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Best Microsoft Net Framework

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I have been using and enjoying Microsoft Net Framework 4.5.x for Windows 7 and find it to be the most stable on Windows 7 and Windows 8.x.  Microsoft Net Framework 4.6 was really buggy and crashed my Windows 7 system.  I had to go into safe mode to complete a system restore.  Microsoft Net Framework 4.7 was also buggy and crashed my dad's Windows 7 system.  I had to go into safe mode and do a system restore as well.  Why is Microsoft Net Framework being pushed as an important update and not as an optional update by Microsoft?  I have already been too busy trying to solve Meltdown and Spectre issues.  Please Microsoft push Microsoft Net Framework 4.6 and 4.7 as optional updates and not as important updates.  It confuses my client base and gives me even more work in fixing computers and networks while I am really super busy trying to tackle Meltdown and Spectre already.  Thank you very much.  The following is a Microsoft website so it should be allowed here as well.  https://blogs.msdn.microsoft.com/astebner/2013/11/06/net-framework-setup-verification-tool-and-clean...

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Note that by default, nothing in Windows system itself uses .NET framework. So even if there are bugs in .NET runtime, it's not loaded at all and it should not crash your computer. If you have applications and/or driver packages (Such as the control panel of ATI display cards), you'll need .NET framework and you'll want it be up-to-date so any vulnerabilities on the runtime will be fixed. Btw, I've had used and code .NET framework applications since the .NET v1.1 days (that's over 10 years now) and have not witness a single instance that computer hang is actually caused by .NET runtime itself. Application that uses .NET framework are user mode applications. And since Vista, user mode applications should not cause system hangs unless the coder uses P/Invoke or "unsafe" feature to do things natively with kernel objects and mess up. Most likely you'll want to alert vendors that write these applications to fix their bug.

Thank you so much for your reply.  I am not surprised that it is likely a vender bug in a 3rd party application like the AMD Graphics Control Options rather than a Microsoft bug itself.  This was problematic even back in the days of Windows 98 when defective Creative Sound-blaster bugs in the driver(s) would cause the whole system to BSOD and crash.  However, I am surprised that the Microsoft code in Windows 7 (and later perhaps) allows these lesser subsystems to have so much access that it can cause a full operating system crash that the only recovery is to roll back via safe mode through system restore to the prior build of an install of Microsoft Net Framework.  Thus if this is the correct scenario my thought still stands valid that new Microsoft Net Framework updates should be placed into the optional category or at the very highest recommended level of update and should not be considered a critical or an important update especially when the older version will continue to be supported for a while longer with security updates.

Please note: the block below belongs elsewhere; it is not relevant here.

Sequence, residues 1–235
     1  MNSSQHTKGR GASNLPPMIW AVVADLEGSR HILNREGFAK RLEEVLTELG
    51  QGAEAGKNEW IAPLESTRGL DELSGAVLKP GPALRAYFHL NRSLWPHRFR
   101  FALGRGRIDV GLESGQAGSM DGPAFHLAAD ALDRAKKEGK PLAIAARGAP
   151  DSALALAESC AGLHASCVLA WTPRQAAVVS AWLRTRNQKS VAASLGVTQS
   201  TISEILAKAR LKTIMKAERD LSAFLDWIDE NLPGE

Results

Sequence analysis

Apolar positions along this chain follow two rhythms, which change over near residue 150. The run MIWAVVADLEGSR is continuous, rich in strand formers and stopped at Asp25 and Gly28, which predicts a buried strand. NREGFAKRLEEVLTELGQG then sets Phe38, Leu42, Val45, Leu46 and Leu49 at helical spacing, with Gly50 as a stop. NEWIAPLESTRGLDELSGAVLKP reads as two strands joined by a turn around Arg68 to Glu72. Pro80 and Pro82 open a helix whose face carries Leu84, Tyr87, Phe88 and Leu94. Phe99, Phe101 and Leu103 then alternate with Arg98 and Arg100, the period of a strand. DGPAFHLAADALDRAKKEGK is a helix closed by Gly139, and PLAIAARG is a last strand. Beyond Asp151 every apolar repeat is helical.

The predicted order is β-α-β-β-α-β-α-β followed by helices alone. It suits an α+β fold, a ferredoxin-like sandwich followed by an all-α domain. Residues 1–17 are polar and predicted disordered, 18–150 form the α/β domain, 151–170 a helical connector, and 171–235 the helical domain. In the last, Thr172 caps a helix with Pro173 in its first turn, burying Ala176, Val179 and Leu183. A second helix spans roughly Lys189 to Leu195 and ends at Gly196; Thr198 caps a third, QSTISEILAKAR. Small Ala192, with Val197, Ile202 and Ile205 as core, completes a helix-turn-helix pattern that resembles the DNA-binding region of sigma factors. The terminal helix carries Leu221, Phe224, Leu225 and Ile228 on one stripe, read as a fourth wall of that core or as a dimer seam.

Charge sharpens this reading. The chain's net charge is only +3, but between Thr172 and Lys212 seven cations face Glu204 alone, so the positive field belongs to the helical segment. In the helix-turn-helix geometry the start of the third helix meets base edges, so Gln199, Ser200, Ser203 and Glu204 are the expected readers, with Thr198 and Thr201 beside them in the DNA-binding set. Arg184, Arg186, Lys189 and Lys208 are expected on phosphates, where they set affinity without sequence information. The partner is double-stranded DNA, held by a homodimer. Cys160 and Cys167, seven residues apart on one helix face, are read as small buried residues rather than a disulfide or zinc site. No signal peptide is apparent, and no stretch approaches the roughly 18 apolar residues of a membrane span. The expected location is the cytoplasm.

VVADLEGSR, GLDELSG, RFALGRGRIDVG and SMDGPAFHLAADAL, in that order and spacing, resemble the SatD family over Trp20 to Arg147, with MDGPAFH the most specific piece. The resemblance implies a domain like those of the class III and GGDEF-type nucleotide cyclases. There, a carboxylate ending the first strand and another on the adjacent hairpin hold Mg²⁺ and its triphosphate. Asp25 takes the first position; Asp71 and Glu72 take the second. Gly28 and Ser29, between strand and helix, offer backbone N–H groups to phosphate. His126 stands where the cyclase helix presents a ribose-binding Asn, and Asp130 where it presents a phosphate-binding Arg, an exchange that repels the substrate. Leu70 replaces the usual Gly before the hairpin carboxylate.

Partially agreed. However there are cases that I'd think this is justifiable. For example, if the system has .NET v4.5 RTM installed, I'd think it's valid to push as critical update because it contains a lazy static class initialization bug that affects any application that uses static string or so. The affected area was so large so I think it'd justify a forced update, or very likely your applications using it will crash.

I think it should be offered within applications that need it like AMD Catalyst needed a later version of Microsoft Net Framework before the current AMD Video Technology.  Thus, Microsoft Framework 4.x after 4.5 should be offered as optional and also included with software that needs it.  This would help to reduce the amount of troubleshooting in Windows 7 sp1, 8.x and in Windows 10 as well.  The Fall Creator's Update should not have been released as early as it was as well because it certainly is not ready for the business, government or military community.  Stability is first.  Remember, currently compromised ATMs run Windows XP so it is vulnerable.  The good ATM software is Windows 7 and thus Windows 7 is the gold standard for Microsoft.  ATMs will not be updated past Windows 7 until at least 2020.  This makes me wonder if Microsoft will put Windows 7 on a SaaS plan, match its deadline with Windows 8.x like 98, 98SE and ME all got the same end of life date or in fact end up doing both.

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